Only an excess of hatred kept me from wasting pity on the man. “You have lived too long, and to no good purpose,” I said aloud, and turned and walked from the room.
When I got back to New York I went straight to my own apartment. There was a note from the post office. I’d had too much mail for the box to hold, and would I please come down and pick it up. I called them up and told them they could damned well deliver it, since that was what the senders had had in mind when they put stamps on my mail. They grumbled but sent it over, three big sacks of it. I dumped everything out on the floor and spent two days just sorting the stuff, trying to determine what to read first. I was just getting to the point of opening and reading various letters when the telephone rang. A girl asked if this was the Rutledge Coat-Checking Service. I said it wasn’t. But wasn’t this TRafalgar 4-1114? No, I explained, it wasn’t TRafalgar anything, it was seven goddamned numbers, and I didn’t like it any more than she did, and I suggested she join the Anti-Digit-Dialing League. I hung up and went back to my mail, and it was half an hour later before I got the message.
The Rutledge was the hotel where I’d met him the other time. 1114 was his room. Coat-Checking Service sounded like Kotacek, and I’m sure some bright-eyed young genius spent three weeks of government time thinking up that one and another week patting himself on the back. What was left? The telephone exchange. TRafalgar 4. Meet him a four o’clock? Probably.
I stopped at the desk on the way in and asked the aging faggot room clerk the name of the party in 1114. “Nelson,” he said. Sure, why not? That explained the TRafalgar. They were worse than hog butchers in Chicago; they used the squeal and all.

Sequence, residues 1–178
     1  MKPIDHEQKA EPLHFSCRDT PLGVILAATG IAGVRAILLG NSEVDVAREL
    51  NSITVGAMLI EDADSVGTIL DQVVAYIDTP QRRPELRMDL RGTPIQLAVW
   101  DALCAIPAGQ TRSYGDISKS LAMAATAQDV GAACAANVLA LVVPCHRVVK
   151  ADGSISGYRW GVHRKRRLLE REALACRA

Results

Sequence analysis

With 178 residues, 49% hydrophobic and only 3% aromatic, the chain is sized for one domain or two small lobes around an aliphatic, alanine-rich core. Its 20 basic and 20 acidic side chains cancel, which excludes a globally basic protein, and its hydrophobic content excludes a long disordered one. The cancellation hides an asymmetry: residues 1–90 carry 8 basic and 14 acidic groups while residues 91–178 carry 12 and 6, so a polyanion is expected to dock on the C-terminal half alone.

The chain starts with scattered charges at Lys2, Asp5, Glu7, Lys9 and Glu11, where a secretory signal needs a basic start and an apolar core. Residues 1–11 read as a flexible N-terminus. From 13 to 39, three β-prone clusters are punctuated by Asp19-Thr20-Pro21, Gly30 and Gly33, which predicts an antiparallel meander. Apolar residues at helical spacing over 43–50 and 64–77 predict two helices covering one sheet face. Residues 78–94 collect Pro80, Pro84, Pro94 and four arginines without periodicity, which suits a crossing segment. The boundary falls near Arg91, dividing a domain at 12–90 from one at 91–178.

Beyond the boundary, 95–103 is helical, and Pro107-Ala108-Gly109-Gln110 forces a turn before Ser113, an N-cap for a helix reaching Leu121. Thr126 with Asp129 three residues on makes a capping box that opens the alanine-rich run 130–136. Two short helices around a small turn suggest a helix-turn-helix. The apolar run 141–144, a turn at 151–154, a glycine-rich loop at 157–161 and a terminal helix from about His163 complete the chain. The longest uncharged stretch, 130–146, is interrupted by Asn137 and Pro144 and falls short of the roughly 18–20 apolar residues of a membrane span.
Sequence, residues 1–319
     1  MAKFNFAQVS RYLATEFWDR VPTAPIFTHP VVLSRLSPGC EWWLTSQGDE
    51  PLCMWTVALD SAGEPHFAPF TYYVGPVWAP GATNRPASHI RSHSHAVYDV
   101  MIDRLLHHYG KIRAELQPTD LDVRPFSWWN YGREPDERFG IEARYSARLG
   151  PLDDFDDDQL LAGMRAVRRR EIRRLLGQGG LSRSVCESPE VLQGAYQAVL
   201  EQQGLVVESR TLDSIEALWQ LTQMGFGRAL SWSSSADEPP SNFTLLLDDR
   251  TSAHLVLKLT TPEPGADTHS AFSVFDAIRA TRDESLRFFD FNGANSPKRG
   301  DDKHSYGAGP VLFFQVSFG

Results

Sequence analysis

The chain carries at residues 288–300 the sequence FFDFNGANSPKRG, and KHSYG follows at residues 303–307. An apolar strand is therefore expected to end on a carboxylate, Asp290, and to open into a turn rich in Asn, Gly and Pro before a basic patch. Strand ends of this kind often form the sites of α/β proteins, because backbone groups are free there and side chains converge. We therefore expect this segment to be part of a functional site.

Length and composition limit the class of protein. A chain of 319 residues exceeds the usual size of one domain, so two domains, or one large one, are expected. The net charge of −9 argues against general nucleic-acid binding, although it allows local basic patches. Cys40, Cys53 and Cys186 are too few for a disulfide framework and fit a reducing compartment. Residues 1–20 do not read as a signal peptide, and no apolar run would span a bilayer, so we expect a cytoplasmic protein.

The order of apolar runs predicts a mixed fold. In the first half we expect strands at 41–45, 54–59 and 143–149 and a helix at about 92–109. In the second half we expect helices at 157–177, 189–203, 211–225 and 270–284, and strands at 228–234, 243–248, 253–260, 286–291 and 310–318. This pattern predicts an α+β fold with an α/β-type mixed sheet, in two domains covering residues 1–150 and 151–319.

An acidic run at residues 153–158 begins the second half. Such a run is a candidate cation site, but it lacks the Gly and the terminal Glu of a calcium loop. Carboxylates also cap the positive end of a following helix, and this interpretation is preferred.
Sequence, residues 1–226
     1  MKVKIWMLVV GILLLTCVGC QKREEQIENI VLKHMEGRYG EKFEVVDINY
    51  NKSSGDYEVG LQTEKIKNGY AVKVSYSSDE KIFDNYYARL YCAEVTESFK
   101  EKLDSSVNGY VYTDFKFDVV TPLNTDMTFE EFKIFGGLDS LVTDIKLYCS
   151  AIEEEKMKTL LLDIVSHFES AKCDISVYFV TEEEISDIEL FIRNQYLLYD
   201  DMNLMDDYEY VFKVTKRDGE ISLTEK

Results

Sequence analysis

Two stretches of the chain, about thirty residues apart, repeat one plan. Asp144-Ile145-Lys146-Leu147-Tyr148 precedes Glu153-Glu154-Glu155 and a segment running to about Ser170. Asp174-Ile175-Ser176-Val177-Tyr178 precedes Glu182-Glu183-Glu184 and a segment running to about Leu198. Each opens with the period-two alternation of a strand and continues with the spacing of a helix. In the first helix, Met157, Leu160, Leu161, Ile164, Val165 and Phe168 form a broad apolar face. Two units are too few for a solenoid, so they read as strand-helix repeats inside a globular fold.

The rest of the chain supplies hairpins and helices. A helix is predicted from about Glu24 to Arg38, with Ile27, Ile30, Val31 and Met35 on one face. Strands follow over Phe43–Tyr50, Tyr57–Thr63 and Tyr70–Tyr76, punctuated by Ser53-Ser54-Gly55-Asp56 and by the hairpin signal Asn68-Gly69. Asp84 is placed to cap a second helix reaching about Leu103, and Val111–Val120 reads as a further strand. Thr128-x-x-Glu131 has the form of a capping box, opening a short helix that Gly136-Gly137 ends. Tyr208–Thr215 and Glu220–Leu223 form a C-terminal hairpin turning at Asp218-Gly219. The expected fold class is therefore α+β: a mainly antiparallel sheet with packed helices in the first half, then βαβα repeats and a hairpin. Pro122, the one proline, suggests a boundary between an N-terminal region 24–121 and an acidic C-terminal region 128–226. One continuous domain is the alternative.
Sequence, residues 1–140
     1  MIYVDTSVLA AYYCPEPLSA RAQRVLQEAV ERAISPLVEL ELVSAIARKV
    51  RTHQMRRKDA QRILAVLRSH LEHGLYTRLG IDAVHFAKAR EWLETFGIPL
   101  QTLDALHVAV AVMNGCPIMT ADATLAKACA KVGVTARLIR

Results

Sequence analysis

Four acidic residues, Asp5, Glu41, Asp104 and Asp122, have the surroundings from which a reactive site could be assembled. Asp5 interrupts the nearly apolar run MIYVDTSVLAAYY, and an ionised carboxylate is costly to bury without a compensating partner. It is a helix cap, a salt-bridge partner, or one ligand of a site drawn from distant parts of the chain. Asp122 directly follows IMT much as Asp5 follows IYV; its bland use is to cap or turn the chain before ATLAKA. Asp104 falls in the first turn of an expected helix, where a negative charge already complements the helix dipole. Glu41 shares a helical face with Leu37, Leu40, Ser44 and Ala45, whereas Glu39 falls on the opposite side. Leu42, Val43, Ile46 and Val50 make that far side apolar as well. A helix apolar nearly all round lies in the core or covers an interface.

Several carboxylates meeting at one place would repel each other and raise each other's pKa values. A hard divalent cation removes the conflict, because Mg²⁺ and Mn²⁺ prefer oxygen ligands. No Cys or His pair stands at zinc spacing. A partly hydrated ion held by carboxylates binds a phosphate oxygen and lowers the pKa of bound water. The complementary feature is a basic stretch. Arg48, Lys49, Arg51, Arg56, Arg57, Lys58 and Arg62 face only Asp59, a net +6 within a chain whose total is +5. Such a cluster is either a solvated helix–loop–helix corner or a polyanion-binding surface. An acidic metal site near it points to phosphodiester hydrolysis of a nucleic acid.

He opened the door for me, led me inside, made drinks for both of us. He looked exactly as he had looked at our last meeting. The suit was different, a gray one this time, also expensive, also ill-fitting. We found chairs and sat down and looked at each other. I waited for him to start it. He, after all, had called me.
“You’re here,” he said at length. “And on time. The girl who phoned you was afraid you might not have understood the message. Said you made some flip reply, as though she had really called the wrong number.”
“I didn’t want to interest anyone tapping my phone.”
“Of course. That’s what I told her.” He worried the ash on his cigarette. “I know most of what happened this trip, Tanner. I suspect we can call the mission a qualified success. To be quite frank, I don’t think anyone else could have done as well. You got the man out of prison. That in itself was remarkable. And I can think of no better end for him than having him abducted and killed by Israelis. Keeps the U.S. out of it entirely, and puts our friends in Czechoslovakia in rather a bad light. As though the Jews had to get him themselves, don’t you see, because otherwise the Czechs would have let him off too easily. Instead of the fun and games of a war criminal trial, they came off looking like a bad joke. Like the brunt of a bad joke.”
I didn’t say anything.
“I’m sorry he had to die. And sorry he died without getting his records to you. Though, to be honest again, I never expected much in that direction.” He smiled humorlessly. “I didn’t actually expect to see you again, either.”
I didn’t say anything.
“I don’t know if you have anything you wanted to report, Tanner. But if so, now’s the time.”
I still didn’t say anything. I opened my briefcase and took out Kotacek’s notes and handed them to him. It took him a few seconds to figure out what they were. When he looked up his face was a study. Coat-Checking Service indeed! If he wanted to play games, I had the bat and the ball, and he had a hole in his glove.